Updated: Feb 17, 2019
Last week I attended HubSpot’s EMEA for their event ‘Cracking Inclusion’.
Global Chief of People, Katie Burke, opened HubSpot's first official Diversity & Inclusion Event. At the event the panel looked at what it takes to foster an inclusive work environment. In today’s society it seems like a hot trend, whereas I left the event realising the importance of it to ensure a healthy organisational culture.
The panel on the night:
Ivan Penas Romero: Services Manager and Employee D&I Advocate
Ivan was born in Barcelona but moved to Ireland over 13 years ago. Ivan explained his first-hand experience of being part of a minority group. Ivan is one of HubSpot’s only 2 managers in the success org whose native language is not English. He is also the only externally hired and gay manager in the success organisation.
Karla O' Brien: InspireFest Speaker 2016
Karla is one of the main reasons I attended the event as she is a family friend. Being a transgender woman on the brink of graduation Karla shared her research and thoughts on inclusion in the Tech industry today. Karla received a standing ovation at Inspirefest 16' after she spoke about her hopes for the future of STEM. Karla's contribution on last night’s topic left me with food for thought.
Furkan Karayel: Founder and CEO @ Diversein
Furkan is a women in tech, diversity and female founder’s ambassador. Award-winning software engineer turned into an entrepreneur.
Furkan is an active speaker at international events about her journey into the tech world as a woman, her recommendations for women in tech issues and power of diversity and inclusion at workplace.
Frank Auger: Chief information Officer, HubSpot D&I
Frank heads up both the Customer Success and Business Enablement organisations at HubSpot. He recently took on the role of Executive Sponsor for HubSpot’s POCAH (People of Colour at HubSpot) Employee Resource Group, where his focus is developing an open, inclusive environment within work.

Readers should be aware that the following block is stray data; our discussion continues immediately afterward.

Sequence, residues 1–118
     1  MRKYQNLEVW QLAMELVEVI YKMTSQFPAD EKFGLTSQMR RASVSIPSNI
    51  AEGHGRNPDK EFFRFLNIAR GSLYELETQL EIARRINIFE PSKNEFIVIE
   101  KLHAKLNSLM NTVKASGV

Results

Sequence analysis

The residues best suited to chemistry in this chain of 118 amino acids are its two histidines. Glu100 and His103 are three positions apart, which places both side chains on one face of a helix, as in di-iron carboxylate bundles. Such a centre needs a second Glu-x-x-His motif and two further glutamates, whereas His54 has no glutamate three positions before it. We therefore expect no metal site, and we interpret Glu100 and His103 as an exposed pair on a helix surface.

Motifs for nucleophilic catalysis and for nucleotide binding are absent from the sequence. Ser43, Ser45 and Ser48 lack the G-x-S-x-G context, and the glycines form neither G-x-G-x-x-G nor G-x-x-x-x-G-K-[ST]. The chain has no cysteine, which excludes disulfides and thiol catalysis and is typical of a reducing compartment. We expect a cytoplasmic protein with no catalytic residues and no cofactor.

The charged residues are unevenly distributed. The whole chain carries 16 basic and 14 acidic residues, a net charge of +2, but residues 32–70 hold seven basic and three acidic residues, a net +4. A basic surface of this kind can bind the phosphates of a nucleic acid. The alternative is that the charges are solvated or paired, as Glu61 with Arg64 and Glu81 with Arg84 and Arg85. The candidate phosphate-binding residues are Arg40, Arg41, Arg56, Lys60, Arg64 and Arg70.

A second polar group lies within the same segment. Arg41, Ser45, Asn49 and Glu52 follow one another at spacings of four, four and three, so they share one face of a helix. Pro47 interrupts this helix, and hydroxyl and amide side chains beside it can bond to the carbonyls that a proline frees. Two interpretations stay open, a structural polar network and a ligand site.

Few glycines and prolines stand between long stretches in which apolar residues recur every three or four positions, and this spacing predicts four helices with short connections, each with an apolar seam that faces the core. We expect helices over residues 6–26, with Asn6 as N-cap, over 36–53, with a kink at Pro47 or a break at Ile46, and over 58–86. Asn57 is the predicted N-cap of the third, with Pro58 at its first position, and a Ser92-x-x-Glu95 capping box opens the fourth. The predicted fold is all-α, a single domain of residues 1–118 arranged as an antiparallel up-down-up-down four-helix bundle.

The take-away's for me were:
The importance of using inclusive language – Frank gave some great examples and explained to use language that avoids the use of certain expressions or words that might be considered to exclude particular groups of people, esp. gender-specific words. Another example was to be careful bringing humour into a conversation to build a rapport with someone you don’t necessarily know. He said if you have a mutual respect and your intention is good it’s fine, however if it’s someone you just met and there’s no substance or your joking, it’s not.
The definitions of Diversity and Inclusion – Furkan gave a simple way of explaining the two.
Diversity is being invited to the party; inclusion is being asked to dance.
Karla spoke about how the two are very much linked and that diversity is giving the same opportunity for everyone and inclusion is having your voice heard.
The panel discussed if one was ''easier'' to achieve and each gave their own opinions.
The panel spoke about we can embrace diversity and become more inclusive at work. Although more companies are discussing the topic Furkan said if we look at the numbers from 2006 -2016 the different nationalities in the workplace hasn’t changed and therefore we need to be doing more. The panel said that the next step would need to be moving the conversation out of like-minded people and into the other domains to drive action.
Treat it like a problem and we’ll take it action.
The panel also discussed what other companies are doing:
It was mentioned that one company gives the same amount of paternity leave as they do for maternity leave. More companies are creating and funding employee resource groups and building workshops around the topic.
Karla spoke about what’s being done in colleges – they are trying to get more woman in technology and create networking events. At present, 8 out of 100 are woman in her computer science course, she feels the numbers are steadily rising.
The panel spoke about the fact that D&I needs to be a priority, not just for HR functions but for all business units and that leaders need to be taken accountable for results. A good example that was brought up was to measure a team’s hiring process to be sure that it’s a diverse team. If any organization is wondering how to become more involved as Frank said ‘’if you don’t engage with employees, you don’t know how to make it more inclusive. Don’t think there’s a one size fits all solution. The first step is to ask people to be involved.’’
Rebecca Brown is a Talent Acquisition Specialist at Bank of Ireland, Direct Channels (Secondment)
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